It seems only rational that, with the notorious absence of any important permanent exhibition of works of art on the Pacific Coast, an effort should have been made to present within the exhibit the development of the art of easel painting since its inception, because it seems impossible to do justice to any phase of art without an opportunity of comparison, such as the exposition affords. The retrospective aspects of the exhibition are absorbingly interesting, not so much for the presentation of any eminently great works of art as for the splendid chance for first-hand comparison of different periods. Painting is relatively so new an art that the earliest paintings we know of do not differ materially in a technical sense from our present-day work. Archaeology has disinterred various badly preserved and unpresentable relics of old arts such as sculpture and architecture. It is little so with pictures. Painting is really the most recent of all the fine arts. It must seem almost unbelievable that the greatest periods of architecture and sculpture had become classic when painting made its début as an independent art. It is true enough that the Assyrians and Egyptians used colour, but not in the sense of the modern easel painter. We are also informed, rather less than more reliably, that a gentleman by the name of Apelles, in the days of Phidias, painted still-lifes so naturally that birds were tempted to peck at them, and we know much more accurately of the many delightful bits of wall-painting the rich man of Pompeii and Herculaneum used to have put on his walls, but the easel painting is a creation of modern times.

The sole reason for this can hardly be explained better than by pointing out the long-standing lack of a suitable medium which would permit the making of finer paintings, other than wall and decorative paintings. The old tempera medium was hardly suited to finer work, since it was a makeshift of very inadequate working qualities. Briefly, the method consisted of mixing any pigment or paint in powder form with any suitable sticky substance which would make it adhere to a surface. Sticky substances frequently used were the tree gums collected from certain fruit-trees, including the fig and the cherry. This crude method is known by the word "tempera," which comes from the Latin "temperare," to modify or mix, and denotes merely any alteration of the original pigment. Tempera painting, as the only technique known, was really a great blessing to the world, since it prevented the wholesale production in a short time of such vast quantities of pictures as the world nowadays is asked to enjoy. I am not so sure that the two brothers, the Flemish painters Hubert and Jan van Eyck, who are said to have given us the modern oil method, are really so much deserving of praise, since their improved method of painting with oils caused a production of paintings half of which might much better have remained unpainted. The one thing that can be said of all paintings made before their day is that they were painted for a practical purpose. They had to fit into certain physical conditions, architectural or other. Most modern paintings are simply painted on a gambler's chance of finding suitable surroundings afterwards. Nowadays a picture is produced with the one idea of separating it from the rest of the world by a more or less hideous gold frame, the design of which in many cases is out of all relation to the picture as well as to the wall. In fact, most frames impress one as nothing but attempts to make them as costly as possible.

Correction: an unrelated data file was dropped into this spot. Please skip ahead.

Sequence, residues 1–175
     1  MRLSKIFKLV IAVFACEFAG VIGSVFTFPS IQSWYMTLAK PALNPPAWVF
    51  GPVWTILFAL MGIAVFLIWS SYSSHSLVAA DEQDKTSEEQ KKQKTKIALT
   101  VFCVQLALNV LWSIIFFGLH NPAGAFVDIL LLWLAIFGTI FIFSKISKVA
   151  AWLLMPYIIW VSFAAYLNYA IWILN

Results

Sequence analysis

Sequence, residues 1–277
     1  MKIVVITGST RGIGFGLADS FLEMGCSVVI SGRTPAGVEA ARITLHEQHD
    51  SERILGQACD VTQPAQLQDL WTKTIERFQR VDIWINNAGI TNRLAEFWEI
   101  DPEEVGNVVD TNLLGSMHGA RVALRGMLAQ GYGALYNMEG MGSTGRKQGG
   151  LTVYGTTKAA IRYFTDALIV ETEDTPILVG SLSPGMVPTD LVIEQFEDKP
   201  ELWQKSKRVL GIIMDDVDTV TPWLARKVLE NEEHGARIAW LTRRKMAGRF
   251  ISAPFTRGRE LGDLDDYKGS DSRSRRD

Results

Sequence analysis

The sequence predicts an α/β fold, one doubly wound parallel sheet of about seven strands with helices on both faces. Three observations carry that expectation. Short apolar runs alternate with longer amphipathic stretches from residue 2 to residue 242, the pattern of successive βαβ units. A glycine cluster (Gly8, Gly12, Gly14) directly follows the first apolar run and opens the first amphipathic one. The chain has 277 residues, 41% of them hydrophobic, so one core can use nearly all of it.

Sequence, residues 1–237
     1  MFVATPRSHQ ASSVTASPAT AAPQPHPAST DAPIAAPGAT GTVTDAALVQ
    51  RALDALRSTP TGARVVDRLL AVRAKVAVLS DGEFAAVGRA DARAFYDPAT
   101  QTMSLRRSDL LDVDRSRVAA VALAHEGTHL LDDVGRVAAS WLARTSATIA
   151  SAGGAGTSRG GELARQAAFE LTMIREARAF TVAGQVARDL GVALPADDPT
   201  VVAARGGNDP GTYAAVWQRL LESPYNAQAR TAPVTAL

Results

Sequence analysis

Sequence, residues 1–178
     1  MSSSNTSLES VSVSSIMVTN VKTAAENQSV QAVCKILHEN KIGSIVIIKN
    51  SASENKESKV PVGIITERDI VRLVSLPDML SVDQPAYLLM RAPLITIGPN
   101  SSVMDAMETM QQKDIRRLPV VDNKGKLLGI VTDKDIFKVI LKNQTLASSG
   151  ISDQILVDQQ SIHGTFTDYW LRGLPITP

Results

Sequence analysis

I imagine that practically all true painters would rather do their pictures under and for a given physical condition, to support and be supported by architecture; but with the unfortunate present-day elimination of paintings from most architectural problems, most artists have to paint their pictures for an imaginary condition. The present production of paintings has become absolutely unmindful of the true, function of a painting, which is to decorate in collaboration with the other arts - architecture and sculpture.